Colon defies time, makes history against Cardinals
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OAKLAND -- No pitcher in Major League Baseball history has entered their 40s on such a dominant tear as Bartolo Colon.

"I don't even know what to say," Colon said through a translator after silencing one of baseball's most complete teams in the A's 6-1 win over the Cardinals on Friday. "Thank God."

[RECAP: A's 6, Cardinals 1]

The first player ever to win his first seven starts in his 40s won his eighth straight start overall Friday night, giving him 11 wins at the statistical half-way point in the season. The last time Colon did that was in 2005, when he won the Cy Young Award with the Angels.

The last two pitchers to reach the 10-win plateau over an entire season were Jamie Moyer and Tim Wakefield -- a finesse lefty and a knuckleballer. That Colon already has 11 wins on a steady dose of right-handed fastballs in the low 90s is even more impressive.

"You do the math," manager Bob Melvin said. "At this point, he's put himself in position to have a very nice year."

Colon was his usual accurate self; he hurled 70 of his 101 pitches into the strike zone, starting off 22 of 29 batters with a first-pitch strike. He cruised through the first four innings, throwing 42 pitches and facing the minimum 12 batters.

But Colon made his mark over his final four innings, when he scattered six hits, two double plays and a pair of Cardinals stranded at third base. The only run he allowed was the only walk he issued.

"He really doesn't put himself on the run when there are guys on base," Melvin said of Colon's ability to get out of tough innings. "He's got such good movement. He keeps the ball away from the barrel of the bat, and he knows he's one pitch away from getting a ground ball and getting out of the inning."

Colon left runners on the corners in the fifth and seven, and induced rally-killing double play balls from Yadier Molina -- the National League's best hitter at .357 -- in the sixth and eighth. It's a simple recipe for Colon, one that's worked for years. With runners on, he sets up his two-seam fastball and lets it bore down and in on right-handers.

"They were sinkers down and in," Vogt confirmed. "We had him set up looking away and Bartolo made great pitches."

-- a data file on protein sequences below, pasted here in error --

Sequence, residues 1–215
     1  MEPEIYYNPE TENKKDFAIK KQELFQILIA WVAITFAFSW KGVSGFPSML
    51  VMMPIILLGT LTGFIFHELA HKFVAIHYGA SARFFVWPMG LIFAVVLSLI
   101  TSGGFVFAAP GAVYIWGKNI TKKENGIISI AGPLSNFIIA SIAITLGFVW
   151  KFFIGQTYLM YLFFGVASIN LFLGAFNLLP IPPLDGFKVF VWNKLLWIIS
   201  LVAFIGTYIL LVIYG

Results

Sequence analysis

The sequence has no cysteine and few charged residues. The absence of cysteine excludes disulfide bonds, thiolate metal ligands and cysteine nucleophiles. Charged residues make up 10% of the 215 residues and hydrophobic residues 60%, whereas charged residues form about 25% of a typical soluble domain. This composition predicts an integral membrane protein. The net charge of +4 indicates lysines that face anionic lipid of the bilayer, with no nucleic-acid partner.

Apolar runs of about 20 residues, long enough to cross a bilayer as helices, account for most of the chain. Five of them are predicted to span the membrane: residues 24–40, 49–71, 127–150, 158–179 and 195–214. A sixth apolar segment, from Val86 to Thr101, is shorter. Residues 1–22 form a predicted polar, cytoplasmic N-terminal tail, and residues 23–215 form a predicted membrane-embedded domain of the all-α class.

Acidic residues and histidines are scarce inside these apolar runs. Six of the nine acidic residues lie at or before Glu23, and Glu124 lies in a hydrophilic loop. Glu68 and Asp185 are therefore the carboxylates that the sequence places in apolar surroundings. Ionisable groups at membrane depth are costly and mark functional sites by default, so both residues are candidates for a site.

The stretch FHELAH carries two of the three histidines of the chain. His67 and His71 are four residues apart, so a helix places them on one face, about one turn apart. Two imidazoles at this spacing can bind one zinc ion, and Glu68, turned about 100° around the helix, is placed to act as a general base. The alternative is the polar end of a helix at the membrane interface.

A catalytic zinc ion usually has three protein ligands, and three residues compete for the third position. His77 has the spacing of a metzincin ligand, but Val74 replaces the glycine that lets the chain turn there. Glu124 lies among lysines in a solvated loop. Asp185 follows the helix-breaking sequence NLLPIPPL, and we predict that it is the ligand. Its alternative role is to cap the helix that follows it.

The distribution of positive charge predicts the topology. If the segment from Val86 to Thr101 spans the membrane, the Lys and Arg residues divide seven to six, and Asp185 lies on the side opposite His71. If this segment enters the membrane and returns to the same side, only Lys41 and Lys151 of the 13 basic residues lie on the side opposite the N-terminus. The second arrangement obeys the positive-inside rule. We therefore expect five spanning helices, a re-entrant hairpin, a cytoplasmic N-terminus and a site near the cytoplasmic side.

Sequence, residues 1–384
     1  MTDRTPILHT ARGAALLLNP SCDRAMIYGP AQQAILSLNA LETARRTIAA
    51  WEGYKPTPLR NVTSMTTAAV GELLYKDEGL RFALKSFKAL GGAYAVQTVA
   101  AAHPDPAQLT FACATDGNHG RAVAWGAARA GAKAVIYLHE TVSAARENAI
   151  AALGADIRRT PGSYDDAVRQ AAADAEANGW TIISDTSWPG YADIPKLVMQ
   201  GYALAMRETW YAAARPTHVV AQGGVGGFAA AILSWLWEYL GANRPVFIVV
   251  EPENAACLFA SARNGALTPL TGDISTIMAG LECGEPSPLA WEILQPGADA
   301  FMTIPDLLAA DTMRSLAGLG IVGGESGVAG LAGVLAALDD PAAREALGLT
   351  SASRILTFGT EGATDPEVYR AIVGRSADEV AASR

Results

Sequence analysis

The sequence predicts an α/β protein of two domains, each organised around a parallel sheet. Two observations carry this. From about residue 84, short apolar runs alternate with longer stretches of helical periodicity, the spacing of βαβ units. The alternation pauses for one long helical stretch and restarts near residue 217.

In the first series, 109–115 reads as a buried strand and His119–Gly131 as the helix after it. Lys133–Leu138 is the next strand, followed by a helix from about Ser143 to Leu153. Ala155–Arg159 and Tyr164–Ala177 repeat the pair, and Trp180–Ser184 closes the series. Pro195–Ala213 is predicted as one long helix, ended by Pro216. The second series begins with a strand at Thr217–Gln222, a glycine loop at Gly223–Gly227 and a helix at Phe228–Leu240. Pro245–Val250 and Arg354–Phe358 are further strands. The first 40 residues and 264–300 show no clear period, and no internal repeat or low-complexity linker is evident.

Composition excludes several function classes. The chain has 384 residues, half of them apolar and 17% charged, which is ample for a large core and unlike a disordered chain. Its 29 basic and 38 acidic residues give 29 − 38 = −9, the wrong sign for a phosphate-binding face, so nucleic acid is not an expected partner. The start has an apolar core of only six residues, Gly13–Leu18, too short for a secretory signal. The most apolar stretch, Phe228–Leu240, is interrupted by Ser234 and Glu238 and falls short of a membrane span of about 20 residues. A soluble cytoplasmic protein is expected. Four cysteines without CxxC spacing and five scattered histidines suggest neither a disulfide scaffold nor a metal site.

Despite the solid outing, there was never a question in Melvin's mind about pulling Colon for the ninth.

"I need to get him through a whole season," Melvin said. "He's 40 years old."

Colon didn't reserve all his thanks for God. Upon walking off the mound after completing eight innings, Colon embraced battery-mate Stephen Vogt, making his third career start for the A's, and said, "Thanks Papi."

"I believe he called a great game," Colon said. "And I believe he's a great catcher."

It's high praise for the 28-year-old Vogt, who is playing largely because John Jaso is dealing with an injured wrist and Derek Norris is struggling mightily against right-handed pitchers. But he made the most of his time Friday.

Vogt shook off an 0-for-32 start to his MLB career and connected on a solo home run to lead off the fourth inning. Curiously, no one was waiting to celebrate with him in the dugout.

"It's the greatest thing in the world to get the silent treatment," Vogt said. "It's neat to have this team kind of adopt me over the past three games. They've been treating me really well and it's been really special."

Vogt will be a few million votes short, but Colon deserves to be an All-Star -- no question. He even has a shot at starting the July 16 exhibition in New York.

(The Tigers' Max Scherzer poses the biggest threat, as he pushed his still-perfect record to 12-0 with a win over the Tampa Bay Rays Friday night.)

"I don't think about the All-Star game," Colon said. "I think about my next real start before it."

Colon's next real start is scheduled for Thursday afternoon against the Cubs, when he has a chance to become the first player in Major League Baseball history to win the first eight starts of his 40s.